Springer Publishing retracts 64 papers due to fake peer review – Investigation please… #science

The Washington Post reports on the announcement by Springer Publishing that it is retracting 64 papers due to problems with the peer-review of the papers. Namely, that the peer reviewers were fake, or made up, or the authors’ themselves.

In the latest episode of the fake peer review phenomenon, one of the world’s largest academic publishers, Springer, has retracted 64 articles from 10 of its journals after discovering that their reviews were linked to fake e-mail addresses.

The article includes some terrific commentary from Ivan Oransky of Retraction Watch blog. Hopefully these mass retractions will make publishers pay more attention to their peer-review systems… which should be a priority for any academic/scientific publishing company. And can we see a list of who faked the emails? Investigate whether the authors’ were involved and punish them? Because in the meantime, scientists and science as a whole are being dragged through the mud in full public view.

Retraction of 3 scientific papers = crazy fraud + sad editor #retractionwatch


Retraction Watch has a terrific summary of a recent triple retraction at PLOS One. Check out the article for lots more info and the blog itself for information on scientific publication retractions. Sad that this is the state of science right now, especially for editors that are blindsided by blatant fraud, but how encouraging that people report these issues and retractions ultimately happen.

This one comes to us from Twitter, where Willem van Schaik went to express his frustration that a PLOS ONE paper he’d edited had been retracted for fake data.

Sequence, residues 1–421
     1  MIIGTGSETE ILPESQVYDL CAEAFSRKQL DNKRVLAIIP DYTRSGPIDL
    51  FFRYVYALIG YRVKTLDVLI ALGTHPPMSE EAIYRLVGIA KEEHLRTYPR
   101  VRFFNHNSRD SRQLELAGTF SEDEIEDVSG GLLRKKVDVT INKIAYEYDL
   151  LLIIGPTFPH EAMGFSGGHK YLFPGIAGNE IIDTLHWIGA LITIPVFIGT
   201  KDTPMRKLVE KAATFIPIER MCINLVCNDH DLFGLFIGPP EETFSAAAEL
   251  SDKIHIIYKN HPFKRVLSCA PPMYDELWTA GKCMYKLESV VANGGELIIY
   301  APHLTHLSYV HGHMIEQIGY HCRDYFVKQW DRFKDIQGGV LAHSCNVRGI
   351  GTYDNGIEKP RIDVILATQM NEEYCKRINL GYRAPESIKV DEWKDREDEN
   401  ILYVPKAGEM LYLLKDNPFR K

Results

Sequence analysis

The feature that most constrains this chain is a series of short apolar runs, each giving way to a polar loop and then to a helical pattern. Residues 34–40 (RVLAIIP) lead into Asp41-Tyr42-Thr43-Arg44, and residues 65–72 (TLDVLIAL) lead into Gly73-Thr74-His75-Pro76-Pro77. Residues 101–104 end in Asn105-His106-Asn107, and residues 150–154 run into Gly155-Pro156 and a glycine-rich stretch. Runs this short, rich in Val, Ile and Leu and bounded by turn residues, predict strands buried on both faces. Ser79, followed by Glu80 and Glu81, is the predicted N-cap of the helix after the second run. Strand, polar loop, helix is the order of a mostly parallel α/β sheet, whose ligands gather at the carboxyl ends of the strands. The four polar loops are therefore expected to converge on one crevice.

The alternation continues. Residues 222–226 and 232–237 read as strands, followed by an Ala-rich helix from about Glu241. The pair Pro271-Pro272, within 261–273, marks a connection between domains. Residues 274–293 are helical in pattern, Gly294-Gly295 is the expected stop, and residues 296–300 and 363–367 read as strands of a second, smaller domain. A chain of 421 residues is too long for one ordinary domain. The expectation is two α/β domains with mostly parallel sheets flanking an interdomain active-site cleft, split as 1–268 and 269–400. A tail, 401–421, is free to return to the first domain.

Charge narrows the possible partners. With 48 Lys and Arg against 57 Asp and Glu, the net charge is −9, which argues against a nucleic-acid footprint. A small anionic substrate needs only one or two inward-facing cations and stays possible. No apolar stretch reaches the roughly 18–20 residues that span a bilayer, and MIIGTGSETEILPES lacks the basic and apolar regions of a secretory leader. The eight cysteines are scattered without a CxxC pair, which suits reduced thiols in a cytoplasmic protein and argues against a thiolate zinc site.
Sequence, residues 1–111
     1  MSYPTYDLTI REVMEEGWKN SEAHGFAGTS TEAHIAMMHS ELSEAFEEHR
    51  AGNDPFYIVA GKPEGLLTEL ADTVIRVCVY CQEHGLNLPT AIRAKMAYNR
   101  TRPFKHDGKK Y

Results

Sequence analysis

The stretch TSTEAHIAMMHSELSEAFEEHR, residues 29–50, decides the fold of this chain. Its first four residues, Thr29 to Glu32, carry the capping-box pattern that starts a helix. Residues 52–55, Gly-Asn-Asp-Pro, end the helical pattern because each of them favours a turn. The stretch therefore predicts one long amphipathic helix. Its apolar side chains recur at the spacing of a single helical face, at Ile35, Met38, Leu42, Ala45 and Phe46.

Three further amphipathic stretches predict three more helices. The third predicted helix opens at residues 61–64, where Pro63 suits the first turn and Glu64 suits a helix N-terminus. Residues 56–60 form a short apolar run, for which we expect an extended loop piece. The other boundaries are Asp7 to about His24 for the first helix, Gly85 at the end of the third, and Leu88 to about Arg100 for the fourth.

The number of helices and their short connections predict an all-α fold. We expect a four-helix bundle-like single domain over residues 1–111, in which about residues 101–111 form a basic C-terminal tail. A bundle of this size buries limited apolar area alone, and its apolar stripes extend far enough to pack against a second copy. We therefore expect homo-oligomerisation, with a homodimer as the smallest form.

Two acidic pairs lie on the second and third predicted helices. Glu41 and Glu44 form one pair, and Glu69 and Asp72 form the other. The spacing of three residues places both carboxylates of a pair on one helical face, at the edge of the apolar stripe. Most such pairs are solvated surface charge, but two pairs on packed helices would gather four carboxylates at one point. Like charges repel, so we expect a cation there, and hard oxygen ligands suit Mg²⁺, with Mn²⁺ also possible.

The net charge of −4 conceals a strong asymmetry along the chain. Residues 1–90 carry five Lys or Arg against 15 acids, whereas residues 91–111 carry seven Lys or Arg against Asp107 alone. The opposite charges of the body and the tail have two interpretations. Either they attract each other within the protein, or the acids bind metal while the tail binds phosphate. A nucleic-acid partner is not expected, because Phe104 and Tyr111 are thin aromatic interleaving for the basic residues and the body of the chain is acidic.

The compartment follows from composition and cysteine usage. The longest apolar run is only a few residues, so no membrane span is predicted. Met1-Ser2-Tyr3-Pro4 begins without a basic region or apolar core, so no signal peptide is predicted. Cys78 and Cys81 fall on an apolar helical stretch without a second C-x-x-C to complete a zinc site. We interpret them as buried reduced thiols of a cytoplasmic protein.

Some of the tweets from the editor (@WVSchaik):



Criminal charges and possible jail time for scientific fraud and research misconduct #abouttime


Federal prosecutors are filing charges against Dong-Pyou Han after a major case of disgusting research misconduct having to do with a breakthrough AIDS vaccine. Great news article here.

Investigators say former Iowa State University laboratory manager Dong-Pyou Han has confessed to spiking samples of rabbit blood with human antibodies to make an experimental HIV vaccine appear to have great promise. After years of work and millions in National Institutes of Health grants, another laboratory uncovered irregularities that suggested the results — once hailed as groundbreaking — were bogus. Han was indicted last week on four counts of making false statements, each of which carries up to five years in prison.
To me, it is about time that researchers who waste American taxpayer money by committing obvious scientific fraud be held accountable. Not only is this type of fraud a gross waste of research money (that could have gone to someone who was not making up data), it also has the bigger problem of encouraging public mistrust of scientists. Ivan Oransky, of Retraction Watch (definitely check out his blog), gives his opinion on the case:
“It’s an important case because it is extremely rare for scientists found to have committed fraud to be held accountable by the actual criminal justice system,” said Ivan Oransky, co-founder of Retraction Watch, which tracks research misconduct.
I completely agree, and it is nice to see that scientists will be held accountable for wasting money and destroying the credibility of scientists as a community. Retractions of papers due to intentional fraud are increasing, and this will be the topic of my next “Problems in Science” post. What drives scientists to lie and make up data? How can we stop this? How will the scientists be held accountable (looks like some might serve jail time)? Check out my first post in the series (Part 1: The broken economics of academic publishing)